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Theme park CEO thinks staycations are here to stay

Published January 10, 2013 8:19 pm

Leisure • People remaining close to home has boosted business, he says.
This is an archived article that was published on sltrib.com in 2013, and information in the article may be outdated. It is provided only for personal research purposes and may not be reprinted.

Batavia, Ohio • The CEO of one of the country's largest amusement park companies said that since the economic downturn has people staying closer to home, staycations have boosted business at the parks.

CEO Matt Ouimet on Wednesday predicted the staycation trend would continue even with the economy improving. He spoke about the future of the amusement park industry and Cedar Fair Entertainment Co. after touring the plant where the newest roller coaster for the company's Cedar Point park is under construction. He said Cedar Fair's parks generally draw most of their visitors from within a couple of hundred miles.

"I think staycations are here to stay because people have rediscovered that it's more fun, less complicated and less expensive to get in your car and drive to Cedar Point or other parks," Ouimet said.

The key to success for Cedar Fair parks and others is to focus on the job of "keeping people happy."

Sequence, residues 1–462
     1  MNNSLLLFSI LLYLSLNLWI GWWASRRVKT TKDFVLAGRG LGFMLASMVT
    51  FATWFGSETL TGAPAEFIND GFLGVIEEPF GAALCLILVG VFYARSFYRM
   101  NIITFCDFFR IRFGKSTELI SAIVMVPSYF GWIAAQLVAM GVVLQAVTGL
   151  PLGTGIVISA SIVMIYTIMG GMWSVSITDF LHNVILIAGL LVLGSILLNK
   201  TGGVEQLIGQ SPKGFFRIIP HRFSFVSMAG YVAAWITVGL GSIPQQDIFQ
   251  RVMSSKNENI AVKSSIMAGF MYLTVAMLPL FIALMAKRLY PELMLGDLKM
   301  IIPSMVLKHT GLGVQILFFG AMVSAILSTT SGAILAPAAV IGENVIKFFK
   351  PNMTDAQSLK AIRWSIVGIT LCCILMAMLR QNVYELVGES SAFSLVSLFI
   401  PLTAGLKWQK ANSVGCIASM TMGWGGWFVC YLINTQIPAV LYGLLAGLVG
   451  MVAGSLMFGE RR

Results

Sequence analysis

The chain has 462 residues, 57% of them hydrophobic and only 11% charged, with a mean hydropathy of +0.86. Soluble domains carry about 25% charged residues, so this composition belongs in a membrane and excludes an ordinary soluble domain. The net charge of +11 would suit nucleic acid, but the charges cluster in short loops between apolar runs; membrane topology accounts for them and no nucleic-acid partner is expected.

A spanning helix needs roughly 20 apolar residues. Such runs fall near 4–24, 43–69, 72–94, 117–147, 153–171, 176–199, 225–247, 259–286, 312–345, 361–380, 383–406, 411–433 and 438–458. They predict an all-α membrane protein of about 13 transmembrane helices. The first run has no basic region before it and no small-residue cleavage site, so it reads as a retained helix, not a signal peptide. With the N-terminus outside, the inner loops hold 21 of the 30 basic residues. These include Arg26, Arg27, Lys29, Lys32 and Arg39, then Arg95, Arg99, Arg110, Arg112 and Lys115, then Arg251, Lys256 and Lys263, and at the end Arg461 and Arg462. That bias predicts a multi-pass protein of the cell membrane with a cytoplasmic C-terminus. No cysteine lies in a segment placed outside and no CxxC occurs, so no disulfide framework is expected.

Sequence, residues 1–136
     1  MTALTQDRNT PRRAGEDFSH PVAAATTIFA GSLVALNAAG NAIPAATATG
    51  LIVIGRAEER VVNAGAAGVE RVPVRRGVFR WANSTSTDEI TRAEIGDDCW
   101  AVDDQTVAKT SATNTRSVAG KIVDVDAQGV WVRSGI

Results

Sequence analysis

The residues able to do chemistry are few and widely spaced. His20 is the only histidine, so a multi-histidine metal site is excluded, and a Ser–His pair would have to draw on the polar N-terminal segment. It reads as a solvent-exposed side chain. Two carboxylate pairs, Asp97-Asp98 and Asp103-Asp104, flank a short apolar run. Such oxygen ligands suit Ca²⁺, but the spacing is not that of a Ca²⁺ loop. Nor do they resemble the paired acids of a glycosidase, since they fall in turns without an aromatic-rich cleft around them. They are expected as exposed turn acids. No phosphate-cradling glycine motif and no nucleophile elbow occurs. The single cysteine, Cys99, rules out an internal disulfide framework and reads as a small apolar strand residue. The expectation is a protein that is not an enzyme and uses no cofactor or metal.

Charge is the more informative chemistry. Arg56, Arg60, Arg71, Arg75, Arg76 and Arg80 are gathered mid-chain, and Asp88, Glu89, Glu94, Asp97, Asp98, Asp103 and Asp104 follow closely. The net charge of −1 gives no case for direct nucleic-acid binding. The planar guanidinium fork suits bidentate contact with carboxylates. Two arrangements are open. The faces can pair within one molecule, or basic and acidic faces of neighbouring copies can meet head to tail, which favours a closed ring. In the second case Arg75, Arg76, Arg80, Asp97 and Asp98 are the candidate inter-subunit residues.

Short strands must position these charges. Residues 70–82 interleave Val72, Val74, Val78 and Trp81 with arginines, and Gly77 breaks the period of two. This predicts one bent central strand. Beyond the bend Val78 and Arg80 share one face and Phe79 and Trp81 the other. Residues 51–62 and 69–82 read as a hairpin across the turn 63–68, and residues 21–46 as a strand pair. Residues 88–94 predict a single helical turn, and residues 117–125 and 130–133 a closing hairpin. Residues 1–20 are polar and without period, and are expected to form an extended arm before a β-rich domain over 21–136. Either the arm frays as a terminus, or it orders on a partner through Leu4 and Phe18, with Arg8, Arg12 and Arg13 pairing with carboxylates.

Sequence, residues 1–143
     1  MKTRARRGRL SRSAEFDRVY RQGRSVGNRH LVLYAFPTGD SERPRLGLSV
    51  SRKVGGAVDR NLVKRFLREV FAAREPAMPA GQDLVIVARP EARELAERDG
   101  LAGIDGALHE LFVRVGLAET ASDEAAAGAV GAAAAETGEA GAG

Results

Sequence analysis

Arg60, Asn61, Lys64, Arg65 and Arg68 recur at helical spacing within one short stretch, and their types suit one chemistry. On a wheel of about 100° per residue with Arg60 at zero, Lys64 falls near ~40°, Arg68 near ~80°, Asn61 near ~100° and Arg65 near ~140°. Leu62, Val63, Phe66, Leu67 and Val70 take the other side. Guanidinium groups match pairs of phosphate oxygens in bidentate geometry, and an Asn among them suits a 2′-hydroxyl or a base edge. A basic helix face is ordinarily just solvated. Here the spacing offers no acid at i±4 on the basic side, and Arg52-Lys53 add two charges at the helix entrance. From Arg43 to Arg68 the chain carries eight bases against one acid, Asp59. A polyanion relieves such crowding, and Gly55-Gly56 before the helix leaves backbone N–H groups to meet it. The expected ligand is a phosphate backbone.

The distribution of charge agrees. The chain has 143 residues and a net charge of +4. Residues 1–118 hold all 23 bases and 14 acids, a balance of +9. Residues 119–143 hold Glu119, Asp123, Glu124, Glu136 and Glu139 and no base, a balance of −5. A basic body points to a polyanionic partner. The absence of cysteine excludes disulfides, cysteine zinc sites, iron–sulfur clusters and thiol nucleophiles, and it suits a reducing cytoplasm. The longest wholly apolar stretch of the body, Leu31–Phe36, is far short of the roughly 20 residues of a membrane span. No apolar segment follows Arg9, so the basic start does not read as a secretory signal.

"As long as we do that and provide a great value for a full day's experience, the industry will be healthy for a long time to come," Ouimet said.

As he toured the plant, he several times said simply: "Wow!"

Clermont Steel Fabricators LLC in Batavia, just east of Cincinnati, is constructing the steel parts that will form a winged roller coaster, called GateKeeper, set to debut May 11.

Ouimet viewed sections of track and towers that will form a 100-foot tall keyhole-type opening for riders to pass through as they soar above guests entering the park. The blue-steeled tubular coaster will feature a 163-foot vertical drop and speeds of 67 mph, with riders on seats that extend sideways with nothing above or below them.

The $25 million coaster, designed to make people feel as though they are flying, will help provide the thrills that Ouimet says are a major part of Cedar Point's attraction.

The new coaster is part of a roughly $30 million project overhauling the entrance to Cedar Point in Sandusky. The company also plans to spend about $60 million over three years to renovate its hotels and some other projects at the park along Lake Erie.